Covid-19: Food discounts offer to boost youth jabs and one in five firms to cut jobs over furlough
Here are five things you need to know about the coronavirus pandemic this Sunday. We'll have another update for you on Monday.
1. Taxi and food discounts offer to boost youth jabs
Young people will be offered discounted takeaways and taxi rides to get their Covid jabs in a bid to boost vaccine uptake, the government has announced. Food delivery and taxi-hailing firms including Uber, Bolt, Deliveroo and Pizza Pilgrims will offer the incentives - and the Department of Health and Social Care said details on more partnerships would be released "in due course". So far, around 67% of 18 to 29-year-olds in England have had a first dose of a vaccine - prompting renewed government efforts to encourage more people to get vaccinated. Over the weekend, a circus, festivals and sporting events across England hosted a string of pop-up vaccination clinics.
2. Jabs will not be mandatory for university lectures or halls
Plans to make it compulsory for university students to be fully vaccinated to attend lectures or stay in halls of residence in England have been shelved by the government, the BBC has been told. It comes after Foreign Secretary Dominic Raab previously said students would get "advance warning" if they needed to be double jabbed. The government has already announced its plans to require people to have two jabs to enter nightclubs and other crowded venues from September - with an NHS Covid Pass to be used as proof. You can read more here.
3. One in five firms plan job cuts as furlough tapers
A survey has found that one in five firms plan on letting staff go in response to the latest furlough policy change - which will see employers pay more towards workers' wages. From Sunday, firms will have to pay 20% towards staff salaries, with the government's contribution reducing to 60% as the scheme continues to wind down. The British Chamber of Commerce surveyed 250 businesses, with 18% telling the chamber they were likely to make staff redundant in response to the change to furlough. A quarter said they would aim to reduce hours or move staff to part-time working patterns. Jane Gratton, head of people policy at the chamber, said it was "crucial" employers and the government gave returning furloughed staff support and training to help them be "re-engaged and productive".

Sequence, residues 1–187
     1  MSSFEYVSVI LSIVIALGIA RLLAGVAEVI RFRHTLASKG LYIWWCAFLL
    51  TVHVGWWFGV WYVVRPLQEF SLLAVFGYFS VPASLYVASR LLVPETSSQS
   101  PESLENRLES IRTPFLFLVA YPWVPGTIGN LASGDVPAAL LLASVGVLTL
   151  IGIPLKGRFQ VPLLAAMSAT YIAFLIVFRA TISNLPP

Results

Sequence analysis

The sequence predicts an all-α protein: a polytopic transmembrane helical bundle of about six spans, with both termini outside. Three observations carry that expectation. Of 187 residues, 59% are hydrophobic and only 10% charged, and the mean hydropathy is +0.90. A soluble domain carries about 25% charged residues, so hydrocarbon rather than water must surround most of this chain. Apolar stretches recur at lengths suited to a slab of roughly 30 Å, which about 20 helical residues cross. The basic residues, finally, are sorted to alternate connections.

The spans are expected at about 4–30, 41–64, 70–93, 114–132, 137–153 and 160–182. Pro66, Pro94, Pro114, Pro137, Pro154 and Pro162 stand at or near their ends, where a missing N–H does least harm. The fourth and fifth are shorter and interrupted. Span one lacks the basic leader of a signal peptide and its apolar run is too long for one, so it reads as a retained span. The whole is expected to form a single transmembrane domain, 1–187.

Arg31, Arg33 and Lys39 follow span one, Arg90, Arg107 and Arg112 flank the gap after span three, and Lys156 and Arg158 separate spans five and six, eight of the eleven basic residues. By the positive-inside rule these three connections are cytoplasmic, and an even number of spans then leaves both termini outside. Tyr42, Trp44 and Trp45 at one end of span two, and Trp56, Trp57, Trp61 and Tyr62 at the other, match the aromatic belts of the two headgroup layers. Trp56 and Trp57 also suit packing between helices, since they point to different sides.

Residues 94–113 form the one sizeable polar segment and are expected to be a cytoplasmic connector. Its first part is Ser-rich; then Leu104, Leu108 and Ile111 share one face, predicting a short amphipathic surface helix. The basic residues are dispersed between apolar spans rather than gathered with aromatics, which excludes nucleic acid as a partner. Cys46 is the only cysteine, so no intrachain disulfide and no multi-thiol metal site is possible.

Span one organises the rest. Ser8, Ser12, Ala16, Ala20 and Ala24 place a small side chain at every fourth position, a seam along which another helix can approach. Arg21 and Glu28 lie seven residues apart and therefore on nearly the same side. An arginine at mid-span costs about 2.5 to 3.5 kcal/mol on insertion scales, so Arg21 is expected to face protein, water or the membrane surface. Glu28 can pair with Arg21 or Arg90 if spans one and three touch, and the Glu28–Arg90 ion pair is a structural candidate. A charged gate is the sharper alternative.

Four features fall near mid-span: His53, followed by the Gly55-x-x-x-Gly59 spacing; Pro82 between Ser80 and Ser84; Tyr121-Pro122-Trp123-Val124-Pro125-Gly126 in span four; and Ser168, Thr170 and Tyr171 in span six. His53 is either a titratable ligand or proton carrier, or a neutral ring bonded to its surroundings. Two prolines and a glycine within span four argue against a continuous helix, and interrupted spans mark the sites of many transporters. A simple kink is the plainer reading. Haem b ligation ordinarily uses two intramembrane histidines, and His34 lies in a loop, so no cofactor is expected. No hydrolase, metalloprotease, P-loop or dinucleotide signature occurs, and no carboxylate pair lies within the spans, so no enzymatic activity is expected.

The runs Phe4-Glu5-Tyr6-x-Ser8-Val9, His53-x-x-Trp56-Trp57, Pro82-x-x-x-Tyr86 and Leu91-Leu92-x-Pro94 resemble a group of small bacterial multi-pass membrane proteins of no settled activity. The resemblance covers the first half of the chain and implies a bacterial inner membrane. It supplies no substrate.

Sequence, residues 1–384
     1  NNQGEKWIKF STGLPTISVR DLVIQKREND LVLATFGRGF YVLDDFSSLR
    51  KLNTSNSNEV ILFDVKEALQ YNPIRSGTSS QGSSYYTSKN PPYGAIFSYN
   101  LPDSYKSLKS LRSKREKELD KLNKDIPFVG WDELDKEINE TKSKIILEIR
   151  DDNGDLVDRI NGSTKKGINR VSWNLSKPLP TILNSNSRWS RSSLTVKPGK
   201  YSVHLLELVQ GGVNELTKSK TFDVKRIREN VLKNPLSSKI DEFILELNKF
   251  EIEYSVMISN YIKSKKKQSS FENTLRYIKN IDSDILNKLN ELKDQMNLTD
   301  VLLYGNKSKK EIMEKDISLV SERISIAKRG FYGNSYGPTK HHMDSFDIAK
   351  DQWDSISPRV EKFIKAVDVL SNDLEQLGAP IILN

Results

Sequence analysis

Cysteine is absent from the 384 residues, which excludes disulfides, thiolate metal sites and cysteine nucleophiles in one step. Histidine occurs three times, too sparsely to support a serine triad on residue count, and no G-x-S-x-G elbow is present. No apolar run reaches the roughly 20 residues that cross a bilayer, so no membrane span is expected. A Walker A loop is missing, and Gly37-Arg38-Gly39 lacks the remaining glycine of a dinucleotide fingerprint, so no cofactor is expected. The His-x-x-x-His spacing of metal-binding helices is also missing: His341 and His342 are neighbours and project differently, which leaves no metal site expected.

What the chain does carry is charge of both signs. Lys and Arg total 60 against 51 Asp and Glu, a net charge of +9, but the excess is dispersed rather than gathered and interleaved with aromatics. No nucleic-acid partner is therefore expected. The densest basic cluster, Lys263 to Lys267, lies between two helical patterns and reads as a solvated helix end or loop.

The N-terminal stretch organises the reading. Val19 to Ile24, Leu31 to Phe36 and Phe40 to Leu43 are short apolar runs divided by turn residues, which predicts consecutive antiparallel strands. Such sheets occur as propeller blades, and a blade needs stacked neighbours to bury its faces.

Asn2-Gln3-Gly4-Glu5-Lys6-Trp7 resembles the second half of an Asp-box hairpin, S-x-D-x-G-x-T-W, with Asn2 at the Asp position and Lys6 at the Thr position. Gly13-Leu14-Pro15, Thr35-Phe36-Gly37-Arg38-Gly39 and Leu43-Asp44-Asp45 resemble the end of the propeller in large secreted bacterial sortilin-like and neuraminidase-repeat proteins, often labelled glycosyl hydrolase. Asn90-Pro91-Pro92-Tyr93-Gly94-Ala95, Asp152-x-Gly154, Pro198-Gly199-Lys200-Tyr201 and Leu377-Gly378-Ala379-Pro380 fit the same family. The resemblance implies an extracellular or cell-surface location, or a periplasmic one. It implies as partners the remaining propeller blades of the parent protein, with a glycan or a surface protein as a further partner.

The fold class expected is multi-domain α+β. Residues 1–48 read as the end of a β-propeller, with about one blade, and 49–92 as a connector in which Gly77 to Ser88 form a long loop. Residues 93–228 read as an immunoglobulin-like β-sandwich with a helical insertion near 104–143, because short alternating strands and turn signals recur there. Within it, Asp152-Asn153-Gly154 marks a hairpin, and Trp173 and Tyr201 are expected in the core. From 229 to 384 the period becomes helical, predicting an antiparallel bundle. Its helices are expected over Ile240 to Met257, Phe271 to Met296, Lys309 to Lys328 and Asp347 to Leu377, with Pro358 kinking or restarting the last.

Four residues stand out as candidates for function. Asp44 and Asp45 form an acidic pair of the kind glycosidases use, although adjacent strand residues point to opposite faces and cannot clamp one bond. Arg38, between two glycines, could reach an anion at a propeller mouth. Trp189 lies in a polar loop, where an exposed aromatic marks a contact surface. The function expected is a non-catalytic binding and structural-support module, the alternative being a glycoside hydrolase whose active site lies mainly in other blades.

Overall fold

4. Concern over use of oxygen monitors on darker skin
Experts are warning that a device designed to spot early signs of dangerous falls in oxygen levels in Covid patients works less well in those with darker skin. The Medicines and Healthcare Products Regulatory Agency (MHRA) and NHS England say pulse oximeters may sometimes overestimate oxygen levels. The devices beam light through the blood, and skin pigmentation may affect how light is absorbed, they say. NHS England is issuing updated guidance advising patients from black, Asian and other ethnic minority groups to continue using pulse oximeters, but to seek advice from a healthcare professional.
5. Athletes told to leave Olympics after sightseeing trip
After being delayed for a year due to the pandemic, the Tokyo Games is into its ninth day of events. Covid measures are in place to protect against the virus amid a surge in cases in the city, including the wearing of face coverings and the daily testing of athletes and support staff. But two Georgian silver medallists were told to leave the Games after taking a Tokyo sightseeing tour. Athletes are also told not to leave the Olympic village for non-Games purposes to protect against the virus. The Georgian Olympic Committee later said two of its athletes - both judoka - were no longer allowed on Olympic premises. They added the pair had already left Japan after finishing their events, in line with rules which state athletes must leave the country within 48 hours of competing.
And don't forget...
Here's a reminder of the rules of entry for some holiday hotspots including Spain and Portugal.
Find more information, advice and guides on our coronavirus page.
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